In the moments after a snowstorm concludes, leaving behind a landscape shrouded in white, the great outdoors often become noticeably quieter.
As it turns out, there's a scientific reason behind the calming silence, with the characteristics of snow playing a big role in how sound can travel.
When light, fluffy snow accumulates on the ground, it acts as a sound absorber, dampening sound waves much like commercial sound-absorbing products.
“Snow is going to be porous, and typically porous materials such as fibers and foams, and things of that sort, absorb sound pretty well,” said David Herrin, a professor at the University of Kentucky’s College of Engineering, who studies acoustics.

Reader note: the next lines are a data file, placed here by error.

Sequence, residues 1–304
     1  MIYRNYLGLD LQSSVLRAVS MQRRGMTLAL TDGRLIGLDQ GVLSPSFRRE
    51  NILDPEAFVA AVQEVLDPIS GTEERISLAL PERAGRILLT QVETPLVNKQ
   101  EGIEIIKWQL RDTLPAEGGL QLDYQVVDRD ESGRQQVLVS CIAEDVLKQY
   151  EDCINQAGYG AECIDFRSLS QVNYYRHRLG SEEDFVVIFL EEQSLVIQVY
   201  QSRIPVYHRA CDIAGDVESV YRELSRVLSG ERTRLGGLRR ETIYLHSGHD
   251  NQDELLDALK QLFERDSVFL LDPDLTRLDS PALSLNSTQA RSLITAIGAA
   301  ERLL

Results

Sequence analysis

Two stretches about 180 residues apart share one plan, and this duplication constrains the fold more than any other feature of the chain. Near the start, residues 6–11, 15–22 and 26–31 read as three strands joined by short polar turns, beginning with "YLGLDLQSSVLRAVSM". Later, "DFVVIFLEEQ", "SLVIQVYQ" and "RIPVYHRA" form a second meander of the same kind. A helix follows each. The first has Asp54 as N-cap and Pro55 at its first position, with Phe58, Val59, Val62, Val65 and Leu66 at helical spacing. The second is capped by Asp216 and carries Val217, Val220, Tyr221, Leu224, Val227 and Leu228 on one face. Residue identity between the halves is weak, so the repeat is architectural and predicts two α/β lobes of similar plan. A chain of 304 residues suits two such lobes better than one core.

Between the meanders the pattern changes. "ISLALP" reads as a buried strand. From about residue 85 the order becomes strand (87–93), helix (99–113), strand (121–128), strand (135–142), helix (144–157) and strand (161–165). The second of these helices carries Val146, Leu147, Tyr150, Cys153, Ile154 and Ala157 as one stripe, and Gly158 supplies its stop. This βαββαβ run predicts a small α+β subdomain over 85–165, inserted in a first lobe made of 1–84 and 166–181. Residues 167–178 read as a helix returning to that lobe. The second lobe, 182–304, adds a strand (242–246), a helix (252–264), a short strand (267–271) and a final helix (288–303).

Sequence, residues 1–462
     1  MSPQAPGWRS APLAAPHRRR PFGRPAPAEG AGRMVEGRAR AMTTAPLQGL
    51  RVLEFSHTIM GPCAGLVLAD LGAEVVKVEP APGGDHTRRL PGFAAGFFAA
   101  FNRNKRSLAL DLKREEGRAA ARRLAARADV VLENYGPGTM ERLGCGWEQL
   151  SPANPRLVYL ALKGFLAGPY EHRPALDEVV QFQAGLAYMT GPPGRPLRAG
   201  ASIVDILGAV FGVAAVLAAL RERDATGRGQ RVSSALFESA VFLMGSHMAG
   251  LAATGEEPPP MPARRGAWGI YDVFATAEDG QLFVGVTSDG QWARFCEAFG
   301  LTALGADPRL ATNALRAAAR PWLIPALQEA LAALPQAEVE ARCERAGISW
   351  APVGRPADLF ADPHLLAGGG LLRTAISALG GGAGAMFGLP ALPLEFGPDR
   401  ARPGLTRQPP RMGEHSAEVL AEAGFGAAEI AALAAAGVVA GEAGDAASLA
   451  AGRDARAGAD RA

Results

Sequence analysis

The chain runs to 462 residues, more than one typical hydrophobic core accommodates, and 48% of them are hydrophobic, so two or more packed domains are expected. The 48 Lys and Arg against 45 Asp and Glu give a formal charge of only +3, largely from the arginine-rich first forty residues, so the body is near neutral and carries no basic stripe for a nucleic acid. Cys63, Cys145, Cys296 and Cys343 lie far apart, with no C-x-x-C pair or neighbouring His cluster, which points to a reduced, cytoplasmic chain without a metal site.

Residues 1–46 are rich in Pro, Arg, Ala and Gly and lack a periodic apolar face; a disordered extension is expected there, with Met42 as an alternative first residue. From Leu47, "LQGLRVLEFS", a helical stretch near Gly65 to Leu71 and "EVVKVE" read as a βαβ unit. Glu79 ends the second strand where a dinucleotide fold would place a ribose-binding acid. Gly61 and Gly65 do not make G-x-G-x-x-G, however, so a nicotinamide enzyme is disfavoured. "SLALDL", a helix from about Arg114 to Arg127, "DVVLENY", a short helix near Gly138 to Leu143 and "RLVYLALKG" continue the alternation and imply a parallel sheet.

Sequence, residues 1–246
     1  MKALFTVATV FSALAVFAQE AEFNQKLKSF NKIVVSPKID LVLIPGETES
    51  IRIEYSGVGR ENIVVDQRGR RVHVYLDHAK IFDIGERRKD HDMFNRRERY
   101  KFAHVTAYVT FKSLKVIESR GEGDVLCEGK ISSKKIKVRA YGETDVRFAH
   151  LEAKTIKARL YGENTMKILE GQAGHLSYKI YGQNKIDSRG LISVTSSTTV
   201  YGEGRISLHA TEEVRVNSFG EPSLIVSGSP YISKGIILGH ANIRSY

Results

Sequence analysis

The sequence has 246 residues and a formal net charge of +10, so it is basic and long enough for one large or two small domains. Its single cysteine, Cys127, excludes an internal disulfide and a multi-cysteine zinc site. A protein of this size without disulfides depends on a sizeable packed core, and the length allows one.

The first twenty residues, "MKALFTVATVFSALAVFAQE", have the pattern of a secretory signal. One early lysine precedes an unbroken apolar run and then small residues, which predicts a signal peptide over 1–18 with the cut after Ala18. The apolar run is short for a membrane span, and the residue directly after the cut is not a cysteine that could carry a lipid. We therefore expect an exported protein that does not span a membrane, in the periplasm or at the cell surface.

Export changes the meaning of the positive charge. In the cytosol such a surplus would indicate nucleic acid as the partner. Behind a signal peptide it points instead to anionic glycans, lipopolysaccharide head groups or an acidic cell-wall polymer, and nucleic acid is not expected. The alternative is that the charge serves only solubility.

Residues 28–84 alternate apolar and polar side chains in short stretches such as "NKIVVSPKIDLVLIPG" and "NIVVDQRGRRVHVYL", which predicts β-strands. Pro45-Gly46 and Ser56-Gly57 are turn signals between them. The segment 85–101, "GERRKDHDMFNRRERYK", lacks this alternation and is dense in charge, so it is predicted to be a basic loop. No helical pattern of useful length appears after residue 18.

Usually it takes a couple of inches of snow, but even an inch can be reasonably absorbing, especially if you go higher in frequency, according to Herrin.
Sound absorption is measured on a scale from 0 to 1. Based on previous measurements, sound absorption for snow is in between 0.5 to 0.9, Herrin said.
"That implies that a good amount of sound is going to be absorbed," he said.
However, as the structure of snow changes, the amount of noise in the surrounding environment could increase.
When the snow surface melts and refreezes, it can become hard and reflect sound waves, causing sounds to travel farther and become clearer, according to the National Snow and Ice Data Center (NSIDC).
“Generally after a snowfall, the sound absorption is going to be at a maximum then,” Herrin said. “After a snow has gotten hard or icy, then a lot of the sound is going to bounce back or be reflected at that point.”
“It doesn’t seem as quiet outside in that case.”